Comparatively, all of Trump’s opponents fared well.
Ohio Gov. John Kasich, whose winless campaign continues only in hopes that a favorite son victory in his home state’s upcoming primary will help in some neighboring states and get into the convention with a marketable bloc of delegates and perhaps even a very long-shot at a brokered nomination, had a good enough night to help him with that Ohio race. He had some arguable but realistic notions about illegal immigration and entitlement reform, annoyed us with some talk about humans contributing to climate change but didn’t advocate any crazy solutions, had some rousing anti-communist rhetoric that warmed our cold warrior hearts about the evil Castro regime and that brave Chinese man who stood in front of those strong tanks on Tiananmen Square, and he got in some verifiable bragging about how well the Ohio economy has fared during his administration and also the budget-hawk and defense credentials he’d earned as a Congressman.
Florida Sen. Marco Rubio also had a good night, although it might not have been well enough to save his chances in an upcoming home state primary that is his last chance to remain in the race. He took a stand for raising the Social Security age to 68 and eventually beyond, a necessity which won’t hurt him with the sizable percentage of Floridians over that age but nonetheless counts as more courageous than anything than the tell-it-like-it-is Trump has ever said. He took a tough stand against Islamic terrorism, and got a good round of applause by saying that “I’m not interested in being politically correct, I’m interested in being correct,” and correctly noted that some Muslims will have to be involved in solving the problems of the Muslim world. He was careful to note that Trump might not intend to harm Israel, but made a good case why Trump’s policies would do just that, and the son of Cuban immigrants made a convincing and compelling case against any deals with the Commie strongmen running that unfortunate island, and it clearly played well with a south Florida audience.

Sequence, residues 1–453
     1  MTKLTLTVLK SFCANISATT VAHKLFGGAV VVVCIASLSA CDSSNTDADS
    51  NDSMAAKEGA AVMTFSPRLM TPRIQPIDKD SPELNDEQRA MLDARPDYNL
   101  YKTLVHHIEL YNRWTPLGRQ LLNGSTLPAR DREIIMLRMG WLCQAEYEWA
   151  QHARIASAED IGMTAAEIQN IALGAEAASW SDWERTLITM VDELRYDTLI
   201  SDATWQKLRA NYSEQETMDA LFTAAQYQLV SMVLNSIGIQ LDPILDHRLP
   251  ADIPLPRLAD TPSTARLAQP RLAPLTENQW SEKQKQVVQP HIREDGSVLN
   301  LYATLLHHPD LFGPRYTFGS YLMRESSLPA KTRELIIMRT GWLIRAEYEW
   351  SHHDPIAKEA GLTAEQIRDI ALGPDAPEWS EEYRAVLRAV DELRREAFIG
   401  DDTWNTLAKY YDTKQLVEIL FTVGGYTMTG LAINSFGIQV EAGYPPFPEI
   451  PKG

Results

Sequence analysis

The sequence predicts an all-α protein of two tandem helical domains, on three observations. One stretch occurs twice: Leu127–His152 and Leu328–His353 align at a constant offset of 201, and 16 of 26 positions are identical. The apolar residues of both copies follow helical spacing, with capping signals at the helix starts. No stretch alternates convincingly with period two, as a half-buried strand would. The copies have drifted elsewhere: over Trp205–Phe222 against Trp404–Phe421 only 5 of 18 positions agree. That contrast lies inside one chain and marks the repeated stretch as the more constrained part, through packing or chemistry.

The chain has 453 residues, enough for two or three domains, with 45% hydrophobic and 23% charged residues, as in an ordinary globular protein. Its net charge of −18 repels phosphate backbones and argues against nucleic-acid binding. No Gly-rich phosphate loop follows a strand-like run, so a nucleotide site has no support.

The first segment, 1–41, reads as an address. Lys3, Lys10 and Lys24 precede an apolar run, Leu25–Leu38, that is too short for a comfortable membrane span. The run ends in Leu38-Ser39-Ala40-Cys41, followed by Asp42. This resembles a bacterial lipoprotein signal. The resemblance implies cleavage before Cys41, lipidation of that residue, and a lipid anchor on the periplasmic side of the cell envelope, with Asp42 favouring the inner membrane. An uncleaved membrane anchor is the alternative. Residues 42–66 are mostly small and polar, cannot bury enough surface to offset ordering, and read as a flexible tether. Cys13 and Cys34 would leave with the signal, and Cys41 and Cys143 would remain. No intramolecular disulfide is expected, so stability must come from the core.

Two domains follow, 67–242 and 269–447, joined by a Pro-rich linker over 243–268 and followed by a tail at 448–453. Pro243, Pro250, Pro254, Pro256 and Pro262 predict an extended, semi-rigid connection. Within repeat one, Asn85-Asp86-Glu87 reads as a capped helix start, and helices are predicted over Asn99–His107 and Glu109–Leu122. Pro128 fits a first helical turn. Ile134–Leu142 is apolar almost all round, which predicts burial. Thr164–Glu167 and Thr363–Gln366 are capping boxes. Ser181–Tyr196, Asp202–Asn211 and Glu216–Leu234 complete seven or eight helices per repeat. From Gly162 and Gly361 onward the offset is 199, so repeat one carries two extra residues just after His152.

Both Trump and Texas Sen. Ted Cruz argued that the race has come down to the two of them, which seems about right, and Cruz also had a good night. He criticized the Democrat’s don’t-touch-entitlements wishfulness in terms so close to what Trump had just said that a moderator had to ask if he was implying anything, contrasted his bold stand against ethanol subsidies prior to his win over Trump in Iowa as an example of how they’d be willing to take on special interests, invoked the Depression-inducing effects of the Smoot-Hawley act in response to Trump’s protectionism and noted the inevitability of a resulting trade war, expressed his own frustration’s with Obama’s foreign policy timidity but also declined to commit any war crimes, compared the moral relativism of Trump’s stand on Israel with Obama’s, and generally came off just as angry as Trump but more familiar with all that policy stuff you’d need to know to fix it.